The programs for the major are designed to meet a number of goals. They provide good preparation for graduate school; indeed, many of our students go on to some of the world’s best graduate programs. They develop a range of technical skills, most of which relate to the challenging intellectual problems of building quantitative theoretical models and making precise measurements of physically interesting phenomena. The programs are also designed to satisfy curiosity about the fundamental laws that govern every aspect of the world, from the interactions of subatomic particles to the origin and behavior of the entire universe.The programs are simultaneously very deep and very broad. Course work includes both theoretical subjects and experimental activity in laboratories. The programs are designed to give students flexibility in years three and four to pursue interdisciplinary activities, spend time abroad, or delve into greater depth in a subject or into original research.
The department is a collegial place where faculty and students get to know one another well. There are regular formal and informal seminars, as well as a thriving Society of Physics Students, and students and faculty often collaborate on original research problems. Many of the students participate in original research and coauthor scientific publications. For all of these reasons, and in addition to the rigor of the courses, students are extremely well prepared for a wide range of activities—not just in scientific research, but also in professional and engineering pursuits, or any area where abstract thinking and quantitative modeling of real systems are necessary and rewarded.
For nonscience majors, there are nontechnical courses that introduce some of the concepts and events that are most important to understanding physics and its impact. For science majors outside of physics, there are technical courses that provide a breadth of ideas about the fundamental laws that underpin the other sciences. The department provides courses designed to meet the preprofessional goals of prehealth students and students in engineering disciplines
Students who are interested in obtaining significant exposure to the ideas of physics without committing to the major or without obtaining a comprehensive mathematical background can minor in physics or astronomy.
Programs for Majors in Physics
Bachelor of Arts (B.A.) ProgramThe major in physics consists of the following courses:
- Calculus I (MATH-UA 121)
- Calculus II (MATH-UA 122)
- Physics I (PHYS-UA 91) and Introductory Experimental Physics I (PHYS-UA 71)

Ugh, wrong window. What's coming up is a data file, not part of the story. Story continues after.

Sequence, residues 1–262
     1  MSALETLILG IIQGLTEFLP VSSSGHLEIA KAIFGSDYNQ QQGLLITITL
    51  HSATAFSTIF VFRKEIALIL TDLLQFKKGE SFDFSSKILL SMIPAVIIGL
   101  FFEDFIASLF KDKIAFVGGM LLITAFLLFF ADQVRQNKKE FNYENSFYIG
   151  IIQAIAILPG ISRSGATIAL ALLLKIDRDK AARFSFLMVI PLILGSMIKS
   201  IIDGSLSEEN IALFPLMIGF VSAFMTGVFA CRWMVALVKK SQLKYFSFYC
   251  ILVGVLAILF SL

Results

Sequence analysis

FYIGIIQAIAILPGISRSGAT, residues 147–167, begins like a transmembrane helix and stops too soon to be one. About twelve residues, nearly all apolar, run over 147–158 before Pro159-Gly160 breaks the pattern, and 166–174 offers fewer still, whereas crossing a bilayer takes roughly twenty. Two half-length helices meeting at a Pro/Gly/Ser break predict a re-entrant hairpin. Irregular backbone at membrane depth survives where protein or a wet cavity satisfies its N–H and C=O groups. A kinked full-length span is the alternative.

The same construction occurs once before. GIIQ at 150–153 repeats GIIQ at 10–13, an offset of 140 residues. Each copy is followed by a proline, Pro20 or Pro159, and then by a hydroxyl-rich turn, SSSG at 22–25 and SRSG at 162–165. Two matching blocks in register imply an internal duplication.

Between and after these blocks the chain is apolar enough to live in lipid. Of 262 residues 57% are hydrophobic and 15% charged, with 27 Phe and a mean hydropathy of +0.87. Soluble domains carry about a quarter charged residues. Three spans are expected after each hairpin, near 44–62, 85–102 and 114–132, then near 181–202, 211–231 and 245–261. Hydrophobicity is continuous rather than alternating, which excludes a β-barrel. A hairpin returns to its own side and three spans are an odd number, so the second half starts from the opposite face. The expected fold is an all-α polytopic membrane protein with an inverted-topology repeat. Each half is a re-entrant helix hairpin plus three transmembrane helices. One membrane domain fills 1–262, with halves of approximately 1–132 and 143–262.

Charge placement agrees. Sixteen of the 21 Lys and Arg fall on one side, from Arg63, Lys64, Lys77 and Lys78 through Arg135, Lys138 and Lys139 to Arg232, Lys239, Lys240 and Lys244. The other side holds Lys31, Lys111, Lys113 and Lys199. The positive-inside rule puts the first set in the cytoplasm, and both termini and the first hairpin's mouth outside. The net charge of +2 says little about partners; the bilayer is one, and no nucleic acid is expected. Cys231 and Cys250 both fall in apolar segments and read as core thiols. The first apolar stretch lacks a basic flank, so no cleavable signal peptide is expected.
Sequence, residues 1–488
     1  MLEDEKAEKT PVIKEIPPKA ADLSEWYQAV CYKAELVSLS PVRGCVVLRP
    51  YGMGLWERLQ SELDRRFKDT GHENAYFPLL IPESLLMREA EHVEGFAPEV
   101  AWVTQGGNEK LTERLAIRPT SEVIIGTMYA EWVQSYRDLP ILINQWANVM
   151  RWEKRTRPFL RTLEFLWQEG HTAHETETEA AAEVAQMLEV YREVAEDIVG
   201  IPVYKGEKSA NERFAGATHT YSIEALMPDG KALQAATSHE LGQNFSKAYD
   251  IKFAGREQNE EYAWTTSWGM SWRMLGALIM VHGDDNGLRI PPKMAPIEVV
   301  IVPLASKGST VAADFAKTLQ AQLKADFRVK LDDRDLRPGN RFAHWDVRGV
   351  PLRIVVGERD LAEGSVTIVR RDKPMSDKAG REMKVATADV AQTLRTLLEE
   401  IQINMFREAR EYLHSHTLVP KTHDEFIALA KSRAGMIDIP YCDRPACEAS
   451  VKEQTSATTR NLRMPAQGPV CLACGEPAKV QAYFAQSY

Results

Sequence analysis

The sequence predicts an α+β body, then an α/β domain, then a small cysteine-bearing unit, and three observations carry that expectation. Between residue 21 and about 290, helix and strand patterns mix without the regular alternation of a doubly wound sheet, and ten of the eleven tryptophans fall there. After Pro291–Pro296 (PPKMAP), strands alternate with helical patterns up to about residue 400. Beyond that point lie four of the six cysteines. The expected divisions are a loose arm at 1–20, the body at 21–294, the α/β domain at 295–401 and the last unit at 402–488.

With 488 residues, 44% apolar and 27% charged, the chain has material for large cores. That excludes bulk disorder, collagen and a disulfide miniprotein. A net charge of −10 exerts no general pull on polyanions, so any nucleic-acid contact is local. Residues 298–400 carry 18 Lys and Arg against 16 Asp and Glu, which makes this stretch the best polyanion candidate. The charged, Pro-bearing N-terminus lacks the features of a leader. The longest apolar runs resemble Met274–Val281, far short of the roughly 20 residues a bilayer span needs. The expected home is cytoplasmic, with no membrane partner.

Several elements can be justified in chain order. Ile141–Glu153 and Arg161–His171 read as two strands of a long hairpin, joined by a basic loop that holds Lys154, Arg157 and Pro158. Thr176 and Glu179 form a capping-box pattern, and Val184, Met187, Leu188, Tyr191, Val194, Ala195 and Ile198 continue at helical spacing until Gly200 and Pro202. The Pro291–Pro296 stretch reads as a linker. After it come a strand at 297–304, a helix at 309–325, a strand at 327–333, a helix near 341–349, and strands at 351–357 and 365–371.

- Physics II (PHYS-UA 93) and Introductory Experimental Physics II (PHYS-UA 72)
- Calculus III (MATH-UA 123)
- Physics III (PHYS-UA 95) and Intermediate Experimental Physics I (PHYS-UA 73)
- Classical and Quantum Waves (PHYS-UA 105) and Intermediate Experimental Physics II (PHYS-UA 74)
- Mathematical Physics (PHYS-UA 106)
- Advanced Experimental Physics (PHYS-UA 112)
- Quantum Mechanics I (PHYS-UA 123)
- Electricity and Magnetism I (PHYS-UA 131)
- Thermal and Statistical Physics (PHYS-UA 140)
- Two advanced physics electives
Double major including physics: The major offers flexibility to complete the requirements for a second major in the College. Students may wish to combine a major in physics with a major in a field such as mathematics, computer science, chemistry, economics, or biology. Students should consult the director of undergraduate studies in their freshman year to outline a program that is best tailored to their needs.
Bachelor of Science (B.S.) Program
The B.S. degree provides breadth in the sciences in addition to the physics major. The B.S. degree in physics will be granted to students completing the following:
- The required courses for the B.A. major (see above), including one advanced physics elective
- Computational Physics (PHYS-UA 210)
- Two courses in chemistry at or above the level of General Chemistry I, II and Laboratory (CHEM-UA 125, 126)
- One course in biology at or above the level of Principles of Biology I (BIOL-UA 11) or in chemistry above the level of General Chemistry II and Laboratory (CHEM-UA 126)
Minor in Physics
Consists of four of the following courses, or three of the following courses plus one of the courses listed under the minor in astronomy:
- Sound and Music (PHYS-UA 10)
- General Physics I (PHYS-UA 11)
- General Physics II (PHYS-UA 12)
- 20th-Century Concepts of Space, Time, and Matter (PHYS-UA 20)
- Any course at or above Physics I (PHYS-UA 91), except for pure laboratory courses
Minor in Astronomy
Consists of four courses. The Universe: Its Nature and History (PHYS-UA 7) is required, plus the three following courses (or two of the following and one of the courses listed under the minor in physics):
- Origins of Astronomy (PHYS-UA 8)
- Observational Astronomy (PHYS-UA 13)
- Astrophysics (PHYS-UA 150)
Candidates for a degree with honors in physics must complete the requirements for the B.A. major described above. They must also complete the equivalent of a semester of experimental or theoretical research. Students who wish to fulfill this requirement should discuss possible options, such as independent study courses, with the director of undergraduate studies. A research paper based on this work must be prepared and orally presented. For additional general requirements for a degree with honors, please see the Honors and Awards section of this bulletin.